There's nothing wrong with giving a car a mild refresh, so long as the original version was a big hit.

In the case of the seventh generation Volkswagen Golf, 70,762 UK sales last year proved that buyers were already hugely impressed.

This week, an updated version of the country's third best-selling model was unveiled to members of the motoring media, including the Telegraph & Argus, at a special event at picturesque Woburn, in Bedfordshire.

So what's changed?

In the words of Mike Orford, head of press and public relations at VW, the updated Golf is more about "evolution than revolution."

New engines have been added to the range, there are some more advanced technologies to enjoy, and the styling has been gently revised.

Bradford Telegraph and Argus:

LINE-UP: A selection of new Golfs ahead of the test drive

Perhaps the most notable change comes in the area of technical innovation and connectivity - an increasingly important consideration for car buyers.

All models across the range are now offered with a new generation of larger and more sophisticated touchscreen infotainment system.

For the first time in the compact class, a so-called 'gesture control' system is available, which means a simple swipe gesture from the driver's hand is all it takes to move the menu items from left to right, allowing the driver to scroll through the main menu, change radio stations, browse music albums and so on.

It's a clever piece of kit, only available on certain models, which is aimed at "democratising quality", according to VW.

Bradford Telegraph and Argus:

STYLISH: The 1.0-litre TSI version at Woburn Sculpture Gallery

Another first for its class is the Emergency Assist system, which notices if the driver is incapacitated and makes various efforts to alert them before ultimately making an emergency stop - a reassuring tool.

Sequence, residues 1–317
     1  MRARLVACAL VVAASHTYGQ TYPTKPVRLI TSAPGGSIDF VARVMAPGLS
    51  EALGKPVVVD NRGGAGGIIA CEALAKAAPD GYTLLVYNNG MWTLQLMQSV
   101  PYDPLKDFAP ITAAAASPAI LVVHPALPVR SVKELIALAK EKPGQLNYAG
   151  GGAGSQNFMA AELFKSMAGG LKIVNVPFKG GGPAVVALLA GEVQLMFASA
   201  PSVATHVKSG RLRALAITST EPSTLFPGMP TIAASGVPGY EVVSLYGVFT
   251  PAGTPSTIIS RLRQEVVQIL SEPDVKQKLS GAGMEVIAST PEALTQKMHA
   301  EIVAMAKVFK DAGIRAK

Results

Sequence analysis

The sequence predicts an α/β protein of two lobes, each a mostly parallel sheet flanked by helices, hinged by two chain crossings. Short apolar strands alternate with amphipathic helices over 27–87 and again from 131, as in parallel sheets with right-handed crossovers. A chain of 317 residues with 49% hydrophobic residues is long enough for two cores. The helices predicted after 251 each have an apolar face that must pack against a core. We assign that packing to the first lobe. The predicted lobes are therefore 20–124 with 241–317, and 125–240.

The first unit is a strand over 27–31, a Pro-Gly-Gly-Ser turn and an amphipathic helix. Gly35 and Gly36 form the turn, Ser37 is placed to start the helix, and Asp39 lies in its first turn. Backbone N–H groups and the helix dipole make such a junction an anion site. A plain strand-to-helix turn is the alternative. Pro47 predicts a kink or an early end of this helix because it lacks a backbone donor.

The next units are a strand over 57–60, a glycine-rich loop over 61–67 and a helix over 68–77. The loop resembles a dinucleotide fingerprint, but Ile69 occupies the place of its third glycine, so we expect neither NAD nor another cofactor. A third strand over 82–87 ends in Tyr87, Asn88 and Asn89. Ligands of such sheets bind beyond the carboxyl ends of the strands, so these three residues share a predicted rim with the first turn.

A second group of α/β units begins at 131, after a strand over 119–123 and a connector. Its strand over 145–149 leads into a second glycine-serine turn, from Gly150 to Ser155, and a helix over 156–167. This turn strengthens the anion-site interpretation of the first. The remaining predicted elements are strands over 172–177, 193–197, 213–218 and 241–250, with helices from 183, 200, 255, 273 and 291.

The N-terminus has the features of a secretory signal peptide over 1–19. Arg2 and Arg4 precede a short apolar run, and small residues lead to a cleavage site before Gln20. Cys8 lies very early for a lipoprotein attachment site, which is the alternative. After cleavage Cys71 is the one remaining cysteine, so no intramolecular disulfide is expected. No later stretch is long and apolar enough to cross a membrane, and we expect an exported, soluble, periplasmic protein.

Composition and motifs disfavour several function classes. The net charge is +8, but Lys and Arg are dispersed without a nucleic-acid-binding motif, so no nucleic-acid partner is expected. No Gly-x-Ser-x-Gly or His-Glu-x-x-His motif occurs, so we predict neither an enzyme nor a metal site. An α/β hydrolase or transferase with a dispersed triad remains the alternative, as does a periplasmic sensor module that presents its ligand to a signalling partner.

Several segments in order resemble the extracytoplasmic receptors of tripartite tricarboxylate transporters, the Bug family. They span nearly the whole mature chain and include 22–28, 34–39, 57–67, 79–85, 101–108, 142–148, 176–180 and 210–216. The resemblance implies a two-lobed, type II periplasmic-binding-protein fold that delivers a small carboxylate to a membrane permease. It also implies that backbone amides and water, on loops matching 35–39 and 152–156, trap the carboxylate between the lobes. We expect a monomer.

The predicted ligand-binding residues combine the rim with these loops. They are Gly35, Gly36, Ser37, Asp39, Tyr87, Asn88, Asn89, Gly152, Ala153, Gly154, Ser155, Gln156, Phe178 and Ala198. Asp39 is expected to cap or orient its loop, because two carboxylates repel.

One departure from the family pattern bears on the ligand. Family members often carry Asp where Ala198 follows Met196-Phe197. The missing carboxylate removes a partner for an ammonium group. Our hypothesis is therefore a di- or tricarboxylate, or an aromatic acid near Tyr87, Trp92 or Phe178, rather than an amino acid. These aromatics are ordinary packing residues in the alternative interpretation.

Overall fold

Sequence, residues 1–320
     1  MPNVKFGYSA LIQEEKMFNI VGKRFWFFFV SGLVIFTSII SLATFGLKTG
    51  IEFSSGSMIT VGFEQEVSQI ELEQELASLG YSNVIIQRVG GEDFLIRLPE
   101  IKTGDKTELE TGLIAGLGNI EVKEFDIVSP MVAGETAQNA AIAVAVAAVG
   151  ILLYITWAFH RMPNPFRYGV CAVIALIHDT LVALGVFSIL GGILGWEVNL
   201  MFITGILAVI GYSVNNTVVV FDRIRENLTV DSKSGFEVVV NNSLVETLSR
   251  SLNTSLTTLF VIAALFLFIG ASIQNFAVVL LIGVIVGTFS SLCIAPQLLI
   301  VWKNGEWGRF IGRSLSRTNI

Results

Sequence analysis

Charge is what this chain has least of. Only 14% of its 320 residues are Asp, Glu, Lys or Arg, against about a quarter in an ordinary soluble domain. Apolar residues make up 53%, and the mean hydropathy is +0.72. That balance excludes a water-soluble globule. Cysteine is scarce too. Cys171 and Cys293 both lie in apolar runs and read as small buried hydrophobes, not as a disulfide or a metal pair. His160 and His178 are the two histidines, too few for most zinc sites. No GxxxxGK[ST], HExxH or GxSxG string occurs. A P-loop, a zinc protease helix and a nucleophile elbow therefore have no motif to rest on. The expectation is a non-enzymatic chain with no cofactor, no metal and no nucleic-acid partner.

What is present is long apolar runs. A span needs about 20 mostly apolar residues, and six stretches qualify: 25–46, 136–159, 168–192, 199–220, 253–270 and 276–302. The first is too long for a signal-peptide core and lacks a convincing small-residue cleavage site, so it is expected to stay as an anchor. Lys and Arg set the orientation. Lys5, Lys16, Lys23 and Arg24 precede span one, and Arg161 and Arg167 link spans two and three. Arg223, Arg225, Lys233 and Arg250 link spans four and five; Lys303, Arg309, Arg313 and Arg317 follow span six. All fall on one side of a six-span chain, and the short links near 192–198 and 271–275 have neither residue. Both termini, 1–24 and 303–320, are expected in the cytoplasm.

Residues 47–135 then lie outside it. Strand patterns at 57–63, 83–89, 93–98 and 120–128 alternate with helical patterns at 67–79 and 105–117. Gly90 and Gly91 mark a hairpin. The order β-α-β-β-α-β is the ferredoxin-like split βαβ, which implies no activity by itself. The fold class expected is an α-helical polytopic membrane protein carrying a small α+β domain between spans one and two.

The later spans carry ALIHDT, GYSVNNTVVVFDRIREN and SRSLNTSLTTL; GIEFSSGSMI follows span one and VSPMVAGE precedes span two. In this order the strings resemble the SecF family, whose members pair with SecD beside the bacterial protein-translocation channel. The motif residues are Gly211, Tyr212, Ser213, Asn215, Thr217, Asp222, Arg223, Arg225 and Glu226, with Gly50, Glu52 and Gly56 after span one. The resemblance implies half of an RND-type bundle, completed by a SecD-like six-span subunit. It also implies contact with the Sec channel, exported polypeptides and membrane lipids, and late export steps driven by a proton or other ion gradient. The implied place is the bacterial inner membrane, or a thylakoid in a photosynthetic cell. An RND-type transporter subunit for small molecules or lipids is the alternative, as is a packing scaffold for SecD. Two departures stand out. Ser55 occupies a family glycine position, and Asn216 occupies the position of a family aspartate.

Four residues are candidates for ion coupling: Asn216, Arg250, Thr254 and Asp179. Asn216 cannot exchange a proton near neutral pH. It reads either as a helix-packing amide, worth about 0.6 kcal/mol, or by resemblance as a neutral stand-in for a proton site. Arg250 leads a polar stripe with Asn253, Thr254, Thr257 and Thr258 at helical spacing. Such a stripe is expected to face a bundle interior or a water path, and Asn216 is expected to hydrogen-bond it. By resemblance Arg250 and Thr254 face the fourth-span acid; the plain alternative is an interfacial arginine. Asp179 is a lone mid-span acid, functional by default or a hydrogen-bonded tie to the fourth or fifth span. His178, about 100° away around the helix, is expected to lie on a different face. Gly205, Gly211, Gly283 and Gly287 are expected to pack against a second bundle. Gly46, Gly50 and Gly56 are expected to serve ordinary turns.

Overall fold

In terms of looks, the Golf remains a handsome and instantly-recognisable car. A number of subtle tweaks have further enhanced its understated look, including redesigned bumpers, new halogen and LED headlights, revised wheels and new LED tail lights.

Bradford Telegraph and Argus:

The latest edition of the Golf is one of the few vehicles in the world to offer such a range of drive systems with petrol, diesel, plug-in hybrid and pure electric versions available in the UK.

The broad selection of engines now includes the new 1.5-litre TSI Evo unit in two forms, as well as an even more powerful GTI Performance producing 245ps compared to 230PS.

The T&A tested three varieties of the new Golf on Bedfordshire's roads, including the thrilling 2.0-litre R version, which can go from 0-62mph in just 5.1 seconds.

Bradford Telegraph and Argus:

EXCITING: The Golf R in action 

The R's blistering acceleration, combined with incredible handling capabilities, make it an absolute pleasure to drive.

Indeed, the way in which the car grips the corners inspires great confidence.

Cleverly, the wild animal qualities of the turbocharged 310PS engine can be tamed with a simple press of the 'eco mode' or 'normal' buttons, allowing the R to transform into an unassuming everyday family hatch.

By way of contrast, we also got behind the wheel of the 1.0-litre TSI version, which offers a power output of 110PS.

For an engine of that size, the acceleration felt surprisingly sprightly, with the car capable of going from a standing start to 62mph in 9.9 seconds, helped by a slick six-speed manual gearbox.

Bradford Telegraph and Argus:

DIESEL: The 2.0-litre TDI version near Woburn Abbey

Next it was into the Golf R-Line 2.0-litre TDI, which offers a bit more grunt thanks to a power output of 150PS and a 0-62mph time of 8.6 seconds.

In terms of balance between the awe-inspiring power of the fuel-thirsty R and the superb economy of the 1.0-litre petrol variant, we thought the 2.0-litre diesel option ticked the boxes of both power and good fuel economy.

In truth, all three versions tested on the day were impressive in their own way, depending on the individual taste. And if this trio didn't float your boat, fear not, for there are another 110 models in the Golf line-up to choose from, making it among the largest selections on the UK market with an entry level car coming in at £17,625.

Over the last 43 years, Golfs have emerged from Volkswagen factories at a mind-blowing rate of one every 40 seconds.

With some genuinely impressive improvements and with pricing revised downward at launch by an average of nearly £650, there seems no reason why this success story shouldn't continue.